In FIG. 3A, M represents the waveform that would be produced on conductor 31 by a particular pattern of the MSB bits B4 -B7, if the LSB bits B0 -B3 are all "zeros". Numeral 70 designates the level of waveform M when B4 -B7 is equal to 1000. Numeral 71 designates the level of waveform M when B0 -B7 is equal to 1001, and numeral 72 represents the level when B4 -B7 is equal to 1010 alone.
The L waveform would be produced at the output of a conventional DAC by the indicated sequence of LSB bits B0 -B3 going from 0000 to 1111, with the DAC operating at a sufficiently fast conversion rate to produce all of the steps illustrated in the L waveform, with the MSB bits B4 -B7 all equal to "zeros".
In FIG. 3A, 19A designates the waveform of the CARRY signal produced by adder 14 in response to the LSB state 0100, which is the "L" component of the input word (including both the M and L parts) 10000100. The level of this LSB input, when superimposed on level 70 of the M waveform, is designated by dotted line 76A in the M waveform. Table 1 shows hexadecimal representations of the contents of the R1 register and the R3 register for successive clock times T0, T1, . . . T16 of the clock signal C2.
TABLE 1______________________________________C1REGISTER R1 REGISTER R3 ADDER 14 CARRY______________________________________T04 (0100) 8 (1000) 12 0T14 12 0 (16) 1T24 0 (16) 4 0T34 4 8 0T44 8 12 0T54 12 0 (16) 1T64 0 (16) 4 0T74 4 8 0T84 8 12 0T94 12 0 (16) 1T104 0 (16) 4 0T114 4 8 0T124 8 12 0T134 12 0 (16) 1T144 0 (16) 4 0T154 4 8 0T16-- -- -- --______________________________________
Table 1 also shows the corresponding outputs of adder 14 and the corresponding values of the CARRY signal on conductor 19A resulting from the MSB bits 1000 being successively clocked into register R2 at T0, T1, etc. One skilled in the art can readily verify that for that particular value of B0 -B3, the signal CARRY is a "1" at clock times T2, T6, T10, and T14, and is "0" the rest of the time, producing the CARRY waveform 19A shown in FIG. 3A. The low pass filter 32 smooths the component of the voltage on conductor 31 which is represented by waveform 19A and superimposed on level 70 of the M waveform, to thereby produce the average level designated by dotted line 76A on the M waveform and by dotted line 76 on CARRY waveform 19A.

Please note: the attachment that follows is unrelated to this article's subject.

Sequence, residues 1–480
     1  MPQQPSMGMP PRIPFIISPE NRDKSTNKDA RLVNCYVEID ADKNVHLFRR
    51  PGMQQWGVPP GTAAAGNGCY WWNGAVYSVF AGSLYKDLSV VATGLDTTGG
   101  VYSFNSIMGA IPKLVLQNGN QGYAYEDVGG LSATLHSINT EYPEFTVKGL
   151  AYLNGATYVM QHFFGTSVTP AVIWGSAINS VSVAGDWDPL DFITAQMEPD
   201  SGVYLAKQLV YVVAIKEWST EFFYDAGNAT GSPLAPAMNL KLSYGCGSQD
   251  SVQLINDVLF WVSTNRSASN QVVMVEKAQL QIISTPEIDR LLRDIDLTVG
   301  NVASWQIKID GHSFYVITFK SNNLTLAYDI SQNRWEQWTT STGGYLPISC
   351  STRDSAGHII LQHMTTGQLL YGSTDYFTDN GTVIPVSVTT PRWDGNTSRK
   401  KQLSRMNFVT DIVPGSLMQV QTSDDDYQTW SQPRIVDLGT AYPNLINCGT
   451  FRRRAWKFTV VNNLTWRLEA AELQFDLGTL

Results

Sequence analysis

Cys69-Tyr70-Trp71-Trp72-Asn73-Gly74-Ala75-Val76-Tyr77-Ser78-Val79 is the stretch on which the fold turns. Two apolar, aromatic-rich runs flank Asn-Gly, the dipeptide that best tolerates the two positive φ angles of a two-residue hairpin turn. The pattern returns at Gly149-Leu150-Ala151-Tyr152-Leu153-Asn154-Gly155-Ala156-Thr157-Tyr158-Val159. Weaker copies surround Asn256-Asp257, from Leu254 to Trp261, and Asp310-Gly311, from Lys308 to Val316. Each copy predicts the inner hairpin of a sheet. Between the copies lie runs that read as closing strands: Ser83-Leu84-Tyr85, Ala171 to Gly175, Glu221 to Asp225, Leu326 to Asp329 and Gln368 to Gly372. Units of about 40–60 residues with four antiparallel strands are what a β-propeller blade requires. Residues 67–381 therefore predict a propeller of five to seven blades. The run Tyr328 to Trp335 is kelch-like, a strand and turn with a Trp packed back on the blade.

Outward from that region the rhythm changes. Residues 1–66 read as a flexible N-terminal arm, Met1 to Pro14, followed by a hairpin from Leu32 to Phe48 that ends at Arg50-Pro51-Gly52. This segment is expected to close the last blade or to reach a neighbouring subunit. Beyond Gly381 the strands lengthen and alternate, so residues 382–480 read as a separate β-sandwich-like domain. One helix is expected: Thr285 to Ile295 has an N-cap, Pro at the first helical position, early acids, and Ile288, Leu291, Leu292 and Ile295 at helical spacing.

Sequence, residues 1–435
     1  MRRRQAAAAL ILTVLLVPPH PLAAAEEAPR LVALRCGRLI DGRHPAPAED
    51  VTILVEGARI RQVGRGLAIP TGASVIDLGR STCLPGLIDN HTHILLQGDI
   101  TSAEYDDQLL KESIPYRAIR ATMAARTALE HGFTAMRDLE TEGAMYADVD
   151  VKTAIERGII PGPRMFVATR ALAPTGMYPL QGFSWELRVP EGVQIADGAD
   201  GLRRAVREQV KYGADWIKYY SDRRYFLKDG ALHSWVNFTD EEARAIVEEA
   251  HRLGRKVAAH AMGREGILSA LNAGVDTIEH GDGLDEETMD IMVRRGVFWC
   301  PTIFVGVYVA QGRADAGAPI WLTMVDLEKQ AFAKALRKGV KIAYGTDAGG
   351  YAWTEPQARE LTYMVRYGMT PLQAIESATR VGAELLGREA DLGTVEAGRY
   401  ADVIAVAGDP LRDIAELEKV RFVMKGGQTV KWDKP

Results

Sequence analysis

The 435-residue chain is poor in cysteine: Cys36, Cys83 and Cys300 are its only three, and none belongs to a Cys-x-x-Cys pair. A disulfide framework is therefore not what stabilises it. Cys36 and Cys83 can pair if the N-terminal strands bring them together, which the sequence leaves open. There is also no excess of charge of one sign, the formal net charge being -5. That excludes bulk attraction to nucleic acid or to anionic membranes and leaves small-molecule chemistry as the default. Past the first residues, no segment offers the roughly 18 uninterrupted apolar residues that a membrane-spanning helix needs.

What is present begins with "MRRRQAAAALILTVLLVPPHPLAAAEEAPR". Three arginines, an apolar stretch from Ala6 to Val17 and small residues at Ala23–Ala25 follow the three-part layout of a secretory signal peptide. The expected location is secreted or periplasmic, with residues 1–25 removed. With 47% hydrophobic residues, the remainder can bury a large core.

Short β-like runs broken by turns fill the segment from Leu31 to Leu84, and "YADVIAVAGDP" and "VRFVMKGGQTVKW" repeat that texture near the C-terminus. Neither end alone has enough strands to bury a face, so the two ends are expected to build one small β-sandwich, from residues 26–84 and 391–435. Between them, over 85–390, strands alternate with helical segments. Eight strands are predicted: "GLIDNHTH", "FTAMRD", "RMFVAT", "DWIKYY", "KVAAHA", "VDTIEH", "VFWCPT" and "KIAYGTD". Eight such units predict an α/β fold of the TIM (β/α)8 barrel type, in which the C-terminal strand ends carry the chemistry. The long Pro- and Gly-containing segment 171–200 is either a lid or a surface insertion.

For the digital input word 10010010, more clock pulses of clock C2 are required to produce each pulse of the CARRY output, resulting in a lower time-averaged value. The sequence of CARRY pulses indicated in Table 2 is produced by adder 14 in response to the LSB value 0010, producing the CARRY waveform indicated by waveform 19B in FIG. 3A. Low pass filter 32 time-averages those two pulses to give the level indicated by dotted line 78 of CARRY waveform 19B, which has half the value of the level 76 of CARRY waveform 19A. The level 78 is superimposed on level 71 of the M waveform to produce the level 78A thereon at the output conductor 33.
TABLE 2______________________________________C1REGISTER R1 REGISTER R3 ADDER 14 CARRY______________________________________T02 (0010) 8 10 0T12 10 12 0T22 12 14 0T32 14 0 (16) 1T42 0 (16) 2 0T52 2 4 0T62 4 6 0T72 6 8 0T82 8 10 0T92 10 12 0T102 12 14 0T112 14 0 (16) 0T122 0 (16) 2 1T132 2 4 0T142 4 6 0T152 6 8 0T16-- -- -- 0______________________________________
It should be noted that contrary to above U.S. Pat. No. 4,006,475, the embodiment of FIG. 3 does not require resetting of R3. It has been discovered that not resetting R3 surprisingly results in lower total harmonic distortion measurements.
The interpolative DAC 10A of FIG. 3 provides the advantages of reducing the complexity of the prior art circuit of FIG. 1, and eliminates the requirement for fast settling time and highly filtered power supplies for the DAC 32 of the prior art circuit. A significant advantage of the circuit of FIG. 3 is that the 4 bit binarily weighted portion of the 5 bit DAC in FIG. 3 can operate at the much slower clock rate for C2, and only the "duplicate" LSB driven by the CARRY signal has to operate at the high clock rate of C1. Higher resolution is obtainable when the circuit technique of FIG. 3 is utilized in an 18 bit DAC in which audio sine wave data is provided as the input.
A presently preferred embodiment of the invention is similar to the DAC of FIG. 3, with L including 9 bits, rather than 4, and M including 9 bits, rather than 4, the oversampling ratio being 384, and the registers and adder being 9 bit, rather than 4 bit devices, and DAC 30A being a 9 bit plus 1 bit DAC.
FIG. 4 is a block diagram of another embodiment of the circuit shown in FIG. 3. In FIG. 4, interpolative DAC 10 includes an 18 bit bus receiving 18 bit digital sine wave data from an 18 bit latch 21. The 6 least significant bits 11B of the 18 bit digital sine wave data 11 are applied to 6 inputs of adder 14. The 6 outputs 15 of adder 14 are applied to inputs of the 6 bit accumulator register 16, the outputs 17 of which are connected back into a second set of 6 inputs of adder 14.
The most significant 12 bits of the digital sine wave data 11 are applied to the inputs of a 12 bit digital-to-analog converter (DAC) 30A. The output of DAC 30A is connected by conductor 52 to one terminal of resistor 60 in order to produce an LSB current ILSB into conductor 52 when the carry output 19 of adder 14 is at a "1".